Tightening global credit conditions have compelled government to postpone, indefinitely, plans to raise a US$300 million loan from banks, mainly to cover debts absorbed from the sale of 70 percent stake in Ghana Telecom to Vodafone for US$900million.
This follows after sub-Saharan Africa's most successful external borrowing (outside South Africa) when Ghana's US$750 million, Eurobond floatation in 2007 was over-subscribed four times. This loan is meant for investment in growth catalytic areas including the energy, transport infrastructure and information technology sectors.
Government balked in the current issue because of high interest rates in the region of 11 percent, compared to eight percent on the Eurobond issue. Debt sustainability is undoubtedly at the heart of the matter.
Now questions are being raised by policy-makers and development planners regarding the prudence, or otherwise, of shying away from the international financial markets to raise the needed funds to support the country's strategy to move the economy from stability to growth, with the goal of attaining an emerging economy status in the next seven years.
From frontier to emerging market
Ghana's long-term development plan, running from 2008 to 2015, targets accelerated growth with a GDP per capita of at least US$1,000 by 2015, achieved through real GDP growth averaging 8.5 percent annually with an inflation rate maintained at just below 10 percent.
This would require an investment range from about US$6.2 billion (41 percent of GDP) to about US$7.6 billion (48 percent of GDP) annually.
This growth trajectory (from the current 6.2 percent to eight percent and maintained over the medium term would be driven by investment in critical infrastructure that raises the capital expenditure to GDP ratio from the current 9.8 percent to about 12.9 percent by 2009 and sustained over the medium-term.
With concessional funding expected to level off at between 6 to 7 percent of GDP over the period, scaling-up investments in the identified growth poles of energy, transportation and ICT, would require funding from non-concessional sources.
The Bank of Ghana's medium- term plan for Ghana relating to the external sector paints an optimistic picture. It notes that the external debt stock (excluding the potential impact of oil revenues) continues to increase in the medium-term from US$4.3 billion (24.8 percent of GDP) in 2008 to US$7.7 billion (31.7 percent of GDP) in 2012.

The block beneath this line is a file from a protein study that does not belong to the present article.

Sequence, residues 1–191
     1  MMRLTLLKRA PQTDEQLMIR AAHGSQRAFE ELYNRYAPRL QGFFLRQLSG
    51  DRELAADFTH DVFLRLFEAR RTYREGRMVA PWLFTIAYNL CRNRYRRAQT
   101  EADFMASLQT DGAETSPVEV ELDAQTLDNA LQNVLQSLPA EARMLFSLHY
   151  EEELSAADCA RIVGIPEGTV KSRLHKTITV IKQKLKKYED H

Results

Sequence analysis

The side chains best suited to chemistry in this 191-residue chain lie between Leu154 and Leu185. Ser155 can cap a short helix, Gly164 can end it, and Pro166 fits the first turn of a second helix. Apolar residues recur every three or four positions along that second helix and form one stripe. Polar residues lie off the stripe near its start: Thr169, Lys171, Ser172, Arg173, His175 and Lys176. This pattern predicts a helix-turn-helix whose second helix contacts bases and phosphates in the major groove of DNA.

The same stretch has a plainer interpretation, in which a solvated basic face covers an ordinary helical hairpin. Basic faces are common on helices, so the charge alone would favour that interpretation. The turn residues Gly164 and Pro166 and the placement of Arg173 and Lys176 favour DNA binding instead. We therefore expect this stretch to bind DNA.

Quite substantial - and it may have some unfavourable implications on the debt sustainability profile in the medium-term. However, the oil prospects can improve the debt dynamics significantly in the medium term if used efficiently.
Current Account deficit is expected to worsen in 2008 and 2009, but to gradually improve with expected exports of oil from 2010. The deficit (including official transfers) is expected to improve from 17.8 percent of GDP in 2009 to 2.3 percent of GDP in 2012.
Given that infrastructural developments are crucial to increased economic capacity and sustained productivity, the question really is whether actual growth would be large enough, ensuring the sort of revenues that would offset our debt obligations.
Indeed, the greatest threat to Ghana's aspirations of transitioning from a frontier economy to an emerging market would be a cutback in foreign capital inflows, which could seriously affect growth and poverty reduction. Ghana is increasingly beginning to use these inflows to finance much-needed infrastructure investment, which may have to be postponed.
The way forward
Obviously, if Ghana is to stay the course of its seven-year development plan, then it must be prepared to play hardball.
We, firstly, will have to come to terms with the fact that the current high interest rate of non-concessional loans is the cost of borrowing that we have to live with.
Secondly, that this imposes on us a challenge to borrow 'only for investments in critical projects that guarantee economic growth - rather than political projects and which guarantee the sort of returns that would make the borrowing justifiable.
And thirdly, the efficient application of loan money becomes critical to the realisation of our developmental plans.
The debate over non-concessional borrowing actually shifts away from whether it is or not an option in the present circumstances
Credit: Emmanuel Kwablah, Business and Financial Times
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